This is quite the romp. The time travelling gives writer/artist Alan Davis and inking partner Mark Farmer the chance to dazzle us with dinosaurs, roll out the Romans and welcome us to Woodstock in page after page of dead-on storytelling. Other members of the Clan Destine also put in appearances, among them Dom, Walter, Gracie, Albert, Jasmine and the man who started it all by falling in love with a genie, Adam. Little known they may be to the Marvel readership at large, but Davis's creations are a compelling, charismatic crew (click on image to enlarge).
Davis handles Johnny, Ben and Stephen with aplomb - they sound like their classic selves and, better yet, look it. This being set a few years in the past means that the heroes are all in their classic outfits. I get that Marvel and DC feel they have to update their characters' looks, make them more 'realistic', but I'll take a Kirby or Ditko design any day, thank you.
The colours by Javier Rodriguez are suitably sumptuous for art this gorgeous, while Clayton Cowles does a nice job with the lettering (the backward magic here has Zatanna beat!).

While this story is self-contained, you could view it as part of a bigger tale by checking out August's Daredevil and Wolverine annuals, also by Davis (and hopefully Farmer), and also featuring the Clan Destine. I certainly shall.

Batman #11 review


It's Batman vs Owlman in the finale to the Court of Owls storyline. Lincoln March, now claiming to be Thomas Wayne Jr, snares Batman and drags him into the sky to show off his version of Gotham - a twisted reflection of the one Bruce Wayne knows.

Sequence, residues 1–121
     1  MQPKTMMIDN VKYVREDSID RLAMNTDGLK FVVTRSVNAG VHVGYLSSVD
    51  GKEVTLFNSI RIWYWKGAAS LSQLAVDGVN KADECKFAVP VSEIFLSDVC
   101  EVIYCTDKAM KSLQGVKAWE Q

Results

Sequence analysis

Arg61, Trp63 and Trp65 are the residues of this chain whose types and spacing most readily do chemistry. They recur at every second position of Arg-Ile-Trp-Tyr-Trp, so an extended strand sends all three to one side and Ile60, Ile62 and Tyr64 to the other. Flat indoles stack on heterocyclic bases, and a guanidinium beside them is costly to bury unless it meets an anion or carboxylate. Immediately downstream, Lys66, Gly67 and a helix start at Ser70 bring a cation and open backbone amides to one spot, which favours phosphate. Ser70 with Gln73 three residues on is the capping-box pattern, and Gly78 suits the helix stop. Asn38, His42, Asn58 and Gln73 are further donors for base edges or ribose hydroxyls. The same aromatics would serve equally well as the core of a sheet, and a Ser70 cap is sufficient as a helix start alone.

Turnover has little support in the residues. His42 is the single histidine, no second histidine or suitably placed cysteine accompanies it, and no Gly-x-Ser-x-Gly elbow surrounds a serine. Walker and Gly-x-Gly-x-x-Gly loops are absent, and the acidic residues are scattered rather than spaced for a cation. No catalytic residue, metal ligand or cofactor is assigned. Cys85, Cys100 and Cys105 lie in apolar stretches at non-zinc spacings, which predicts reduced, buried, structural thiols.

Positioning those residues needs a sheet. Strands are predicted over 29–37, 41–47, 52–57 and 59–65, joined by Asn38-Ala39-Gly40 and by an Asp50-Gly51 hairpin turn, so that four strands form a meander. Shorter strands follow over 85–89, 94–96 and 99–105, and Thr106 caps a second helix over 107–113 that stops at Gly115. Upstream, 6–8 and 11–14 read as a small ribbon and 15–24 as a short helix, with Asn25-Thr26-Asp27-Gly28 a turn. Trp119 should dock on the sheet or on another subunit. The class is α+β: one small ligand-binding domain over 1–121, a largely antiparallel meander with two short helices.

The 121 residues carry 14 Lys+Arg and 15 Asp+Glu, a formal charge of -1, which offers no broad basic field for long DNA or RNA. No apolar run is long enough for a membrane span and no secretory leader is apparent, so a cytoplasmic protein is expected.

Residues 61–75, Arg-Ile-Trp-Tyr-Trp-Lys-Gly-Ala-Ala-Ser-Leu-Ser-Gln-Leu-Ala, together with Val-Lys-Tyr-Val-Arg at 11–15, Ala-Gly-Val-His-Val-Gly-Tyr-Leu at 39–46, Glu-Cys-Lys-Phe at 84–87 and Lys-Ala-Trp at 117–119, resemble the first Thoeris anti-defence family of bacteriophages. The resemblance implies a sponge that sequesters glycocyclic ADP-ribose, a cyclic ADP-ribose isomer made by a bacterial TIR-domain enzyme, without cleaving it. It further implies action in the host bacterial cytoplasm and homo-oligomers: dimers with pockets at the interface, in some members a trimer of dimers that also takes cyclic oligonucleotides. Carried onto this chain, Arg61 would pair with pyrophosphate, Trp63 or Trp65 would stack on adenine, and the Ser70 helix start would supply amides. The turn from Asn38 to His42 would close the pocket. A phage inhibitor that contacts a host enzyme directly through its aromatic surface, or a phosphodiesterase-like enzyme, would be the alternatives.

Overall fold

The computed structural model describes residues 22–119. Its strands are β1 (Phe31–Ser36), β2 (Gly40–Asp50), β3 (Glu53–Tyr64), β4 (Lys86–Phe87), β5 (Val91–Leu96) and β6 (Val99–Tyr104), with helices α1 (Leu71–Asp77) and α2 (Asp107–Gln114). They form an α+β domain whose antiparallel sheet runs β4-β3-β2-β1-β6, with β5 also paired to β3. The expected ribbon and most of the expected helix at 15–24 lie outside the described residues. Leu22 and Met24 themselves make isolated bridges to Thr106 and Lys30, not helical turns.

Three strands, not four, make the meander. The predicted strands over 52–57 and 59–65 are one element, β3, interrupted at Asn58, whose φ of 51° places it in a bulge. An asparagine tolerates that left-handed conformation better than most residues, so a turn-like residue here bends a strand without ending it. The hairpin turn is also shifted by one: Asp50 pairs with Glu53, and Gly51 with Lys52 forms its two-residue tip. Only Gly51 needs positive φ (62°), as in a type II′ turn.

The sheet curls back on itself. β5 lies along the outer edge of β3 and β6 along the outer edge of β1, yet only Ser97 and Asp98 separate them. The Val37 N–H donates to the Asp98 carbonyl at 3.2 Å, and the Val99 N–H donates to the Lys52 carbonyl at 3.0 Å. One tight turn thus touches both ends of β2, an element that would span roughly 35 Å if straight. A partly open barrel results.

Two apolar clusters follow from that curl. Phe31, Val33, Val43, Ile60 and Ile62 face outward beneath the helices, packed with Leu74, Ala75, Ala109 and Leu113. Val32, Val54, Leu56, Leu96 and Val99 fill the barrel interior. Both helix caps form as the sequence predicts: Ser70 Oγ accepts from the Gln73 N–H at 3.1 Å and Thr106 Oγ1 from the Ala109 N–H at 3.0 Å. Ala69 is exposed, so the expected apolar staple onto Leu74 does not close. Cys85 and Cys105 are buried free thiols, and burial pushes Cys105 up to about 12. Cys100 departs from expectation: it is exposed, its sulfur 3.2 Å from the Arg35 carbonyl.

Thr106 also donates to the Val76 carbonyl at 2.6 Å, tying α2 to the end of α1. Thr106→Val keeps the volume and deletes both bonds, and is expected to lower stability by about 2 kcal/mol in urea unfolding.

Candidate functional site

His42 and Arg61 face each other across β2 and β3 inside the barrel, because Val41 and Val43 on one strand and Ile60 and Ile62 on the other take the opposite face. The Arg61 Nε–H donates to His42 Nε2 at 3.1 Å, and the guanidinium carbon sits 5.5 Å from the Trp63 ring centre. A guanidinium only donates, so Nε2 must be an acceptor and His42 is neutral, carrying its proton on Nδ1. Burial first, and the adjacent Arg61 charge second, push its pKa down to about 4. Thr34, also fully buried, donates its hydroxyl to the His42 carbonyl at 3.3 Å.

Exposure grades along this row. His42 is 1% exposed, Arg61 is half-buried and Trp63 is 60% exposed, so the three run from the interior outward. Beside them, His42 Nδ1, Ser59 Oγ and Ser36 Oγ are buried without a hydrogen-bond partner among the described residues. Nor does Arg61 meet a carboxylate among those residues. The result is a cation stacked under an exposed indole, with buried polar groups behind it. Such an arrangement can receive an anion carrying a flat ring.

Batman takes a fair few knocks, but finally triumphs, and Owlman vanishes as the showcase building Bruce was giving Gotham collapses. Later, recovering in Wayne Manor, Bruce gives Dick Grayson his opinion of March's claims.

I didn't half enjoy Owlman's oration as he flies across the city with Batman. He goes on and on and on; about his tragic childhood, how the Court saved him, his plans, his devotion to dachshunds (I may have made one of these up) ... it's like he's trying to talk Batman to death. I bet that under that owl mask he's twirling a mustache. Owlman's notion that his city is a skewed mirror image of the one Batman knows, because he saw Gotham reflected in a skyscraper, makes no sense unless said building was lined with funhouse glass. 'Reversed and unnatural'? Er no, just reflected, and everyone gets that view at times. Try looking to the sides of the building, kid.

And his claim that he felt trapped in Gotham because the position of airport runways in relation to Willowwood Hospital meant he never heard planes leaving is desperately tenuous.

Still, this is big, daft melodrama and Owlman is the lead nutter. No doubt giggling as he types, writer Scott Snyder gives us a close-up of Owlman's psyche, positioning him for his inevitable return.

There's Sixties-style daftness, too, as Batman plunges to certain death at one point. What can he do but yell: 'Switch to high-velocity bat-rope, NOW!'
And lo and behold, stiff rope appears to save him. What is switching to high-velocity bat-rope, I have no idea. Anti-mechanical shark repellant, maybe. Anyway, it's another example of Snyder putting Batman into an unwinnable situation and basically magicking him out of it - see also his rallying in the Court's labyrinth back in issue #6.

Much as I enjoyed the flight over Gotham, my favourite moments come with Bruce and Dick's chat at the end. It leads to one of those touching rapprochements we get every few years in which, after a bit of a falling out, the two men show what they mean to one another - Bruce with tender words, Dick with japes.

Greg Capullo's pencils are superb, capturing the intensity of the conflict between the Bat and the Owl, the grandeur of Gotham's manmade canyons and the awful prospect of death by jet engine. It's a shame March's owl mask, and the cloth number below it, prevent Capullo from showing us his expressions as he's speechifying, I don't doubt they'd add to the drama. The quieter moments with Dick are effective too, as the men talk, surrounded by the ghosts of Wayne Manor.